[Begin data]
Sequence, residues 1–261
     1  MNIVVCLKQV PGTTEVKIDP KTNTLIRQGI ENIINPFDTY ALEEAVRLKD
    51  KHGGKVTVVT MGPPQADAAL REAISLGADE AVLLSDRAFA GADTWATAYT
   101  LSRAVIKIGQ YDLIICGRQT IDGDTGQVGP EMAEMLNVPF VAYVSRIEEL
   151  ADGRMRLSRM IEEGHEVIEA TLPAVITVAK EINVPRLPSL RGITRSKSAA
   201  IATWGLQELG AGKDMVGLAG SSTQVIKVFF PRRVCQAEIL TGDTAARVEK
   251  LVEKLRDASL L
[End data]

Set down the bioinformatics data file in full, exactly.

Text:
Sequence, residues 1–261
     1  MNIVVCLKQV PGTTEVKIDP KTNTLIRQGI ENIINPFDTY ALEEAVRLKD
    51  KHGGKVTVVT MGPPQADAAL REAISLGADE AVLLSDRAFA GADTWATAYT
   101  LSRAVIKIGQ YDLIICGRQT IDGDTGQVGP EMAEMLNVPF VAYVSRIEEL
   151  ADGRMRLSRM IEEGHEVIEA TLPAVITVAK EINVPRLPSL RGITRSKSAA
   201  IATWGLQELG AGKDMVGLAG SSTQVIKVFF PRRVCQAEIL TGDTAARVEK
   251  LVEKLRDASL L